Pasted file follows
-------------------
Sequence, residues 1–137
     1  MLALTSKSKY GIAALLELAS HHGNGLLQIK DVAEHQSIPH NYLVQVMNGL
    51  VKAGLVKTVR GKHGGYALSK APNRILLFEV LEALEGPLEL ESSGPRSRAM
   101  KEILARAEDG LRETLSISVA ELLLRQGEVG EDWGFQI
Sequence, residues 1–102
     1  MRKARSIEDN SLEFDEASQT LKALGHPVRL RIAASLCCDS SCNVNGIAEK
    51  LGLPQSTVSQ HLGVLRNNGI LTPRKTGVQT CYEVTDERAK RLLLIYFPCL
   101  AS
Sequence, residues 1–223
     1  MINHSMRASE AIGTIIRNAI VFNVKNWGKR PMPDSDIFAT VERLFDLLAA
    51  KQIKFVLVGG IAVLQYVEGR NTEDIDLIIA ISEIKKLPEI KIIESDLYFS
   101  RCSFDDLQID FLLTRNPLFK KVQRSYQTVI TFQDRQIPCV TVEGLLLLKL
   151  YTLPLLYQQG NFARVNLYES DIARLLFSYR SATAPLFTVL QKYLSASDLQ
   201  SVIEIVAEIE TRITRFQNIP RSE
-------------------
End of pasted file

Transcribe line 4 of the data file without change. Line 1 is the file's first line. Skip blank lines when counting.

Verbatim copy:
   101  KEILARAEDG LRETLSISVA ELLLRQGEVG EDWGFQI